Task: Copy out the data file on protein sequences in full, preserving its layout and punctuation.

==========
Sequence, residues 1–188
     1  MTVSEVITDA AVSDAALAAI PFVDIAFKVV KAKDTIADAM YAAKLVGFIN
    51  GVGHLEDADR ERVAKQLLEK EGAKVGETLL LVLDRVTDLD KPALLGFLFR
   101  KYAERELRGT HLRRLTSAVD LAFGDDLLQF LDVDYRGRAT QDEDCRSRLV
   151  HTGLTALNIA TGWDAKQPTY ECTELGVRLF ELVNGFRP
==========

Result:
Sequence, residues 1–188
     1  MTVSEVITDA AVSDAALAAI PFVDIAFKVV KAKDTIADAM YAAKLVGFIN
    51  GVGHLEDADR ERVAKQLLEK EGAKVGETLL LVLDRVTDLD KPALLGFLFR
   101  KYAERELRGT HLRRLTSAVD LAFGDDLLQF LDVDYRGRAT QDEDCRSRLV
   151  HTGLTALNIA TGWDAKQPTY ECTELGVRLF ELVNGFRP